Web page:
O.A. v. J.A. 342 Conn. 45 (2022) (post-nuptial agreement & pendente lite award of alimony, counsel and expert fees)
Officially released January 27, 2022
In Short: In this interlocutory appeal, the trial court did not err by refusing to address the issue of enforceability of a postnuptial agreement before entering pendente lite orders of alimony and legal and expert fees that were, according to Husband, precluded by the postnuptial agreement. The trial court is not required to address the enforceability of a postnuptial agreement until the matter is tried on the merits.
The parties were married in 2013. Wife was twenty-eight and had a net worth of $275,400. Husband was forty-five, had one daughter of a prior marriage, and a net worth of $32m. Four months after marrying, the parties executed a postnuptial agreement. In 2019 Wife filed for dissolution of marriage. Both were represented by independent counsel and made financial disclosures.
The postnuptial agreement provided certain formulae for the payment of alimony by Husband, which would begin “upon the formal termination of the marriage.” It did not expressly preclude pendente lite alimony. The parties thereafter lived a lavish lifestyle and had two children. The parties’ marriage declined due to “cash flow” problems and Wife’s mental health challenges. In 2018 Wife was involved in an altercation with Husband’s teenage daughter and in 2019 the parties were involved in an altercation resulting in the arrest of Wife. Wife thereafter admitted herself to Silver Hill Hospital. Upon Wife’s discharge she commenced the divorce action and Husband sought and was granted a restraining order barring Wife from the marital home and preventing contact between Wife and Husband, his daughter, and the parties’ children.
Husband filed a cross complaint seeking enforcement of the postnuptial agreement. Wife filed a reply challenging the postnuptial agreement on the basis of duress, lack of full and fair disclosure, and unconscionability. Wife filed motions for pendente lite alimony, counsel fees and expert fees. Husband filed a motion to bifurcate the trial, arguing that the trial court should first determine the enforceability of the parties’ postnuptial agreement before awarding the relief Wife requested pendente lite to which she might not be entitled.
The trial court held an evidentiary hearing and granted, in part, Wife’s motions. The trial court relied upon Fitzgerald v. Fitzgerald, 169 Conn. 147 (1975) in determining that it was not required to determine, prior to deciding the pendente lite motions, whether the postnuptial agreement was enforceable or precluded such relief. The trial court ordered temporary alimony of $20,000 per month, $114,019 in current counsel fees and a retainer of $250,000, and $25,000 in expert fees.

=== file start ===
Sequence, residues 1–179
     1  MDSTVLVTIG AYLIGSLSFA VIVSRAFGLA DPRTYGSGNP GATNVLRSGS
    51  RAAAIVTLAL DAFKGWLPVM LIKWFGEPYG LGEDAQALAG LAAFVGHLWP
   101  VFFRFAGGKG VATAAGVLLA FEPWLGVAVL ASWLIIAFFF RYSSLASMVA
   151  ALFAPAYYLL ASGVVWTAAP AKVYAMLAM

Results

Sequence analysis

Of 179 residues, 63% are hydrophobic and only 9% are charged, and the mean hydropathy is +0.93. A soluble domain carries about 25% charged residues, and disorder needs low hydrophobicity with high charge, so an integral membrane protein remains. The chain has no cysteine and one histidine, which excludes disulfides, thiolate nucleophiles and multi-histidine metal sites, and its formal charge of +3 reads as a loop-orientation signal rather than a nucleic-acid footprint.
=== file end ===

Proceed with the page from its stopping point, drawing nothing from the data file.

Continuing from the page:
Husband appealed, claiming that the trial court incorrectly determined that it need not determine the enforceability of the parties’ postnuptial agreement before awarding pendente lite fees and alimony, which Husband argued were not permissible under the postnuptial agreement. Husband argued that a prenuptial agreement should be presumed valid and enforceable until the party challenging it successfully demonstrates otherwise. Husband argued that Fitzgerald was distinguishable because it pertained to a separation agreement rather than a postnuptial agreement.
The Supreme Court transferred the appeal directly to itself per Conn. Gen. Stat. § 51-199 (c).
The Supreme Court applied plenary review to the question of law as to whether the trial court properly deferred its decision on the enforceability of the postnuptial agreement. The Supreme Court noted that postnuptial agreements are subject to stricter scrutiny than prenuptial agreements and may only be enforced when they comply with applicable contract principles and the terms are both fair and equitable at time of execution and not unconscionable at time of dissolution. The Supreme Court reviewed the legal standards for pendente lite alimony under § 46b-82 and for counsel fees pursuant to § 46b-62.
The Supreme Court determined that the trial court properly relied on Fitzgerald. The Supreme Court found no distinction between a separation agreement and a postnuptial agreement for these purposes. A determination as to the validity of any agreement may be made when the case is tried on the merits. The Supreme Court explained that Bedrick v. Bedrick, 300 Conn. 691 (2011) supports the notion that a searching inquiry is required with regard to a postnuptial agreement’s enforceability. The Supreme Court reasoned that it would be necessary to value Husband’s assets to determine the enforceability of the postnuptial agreement and that doing so would require considerable discovery given the complexity of Husband’s finances. Thus, if Husband’s request for bifurcation was granted, Wife would be without the means to support herself while that process took place.
The Supreme Court did not foreclose the ability of a trial court to decide to bifurcate determinations of enforceability if the trial court determines that it can do so without working an injustice to either party. The trial court may also fashion pendente lite orders that take into account the existence of a marital agreement that purports to preclude such orders. The trial court does not err, however, when it chooses not to do so.
The trial court’s orders were affirmed.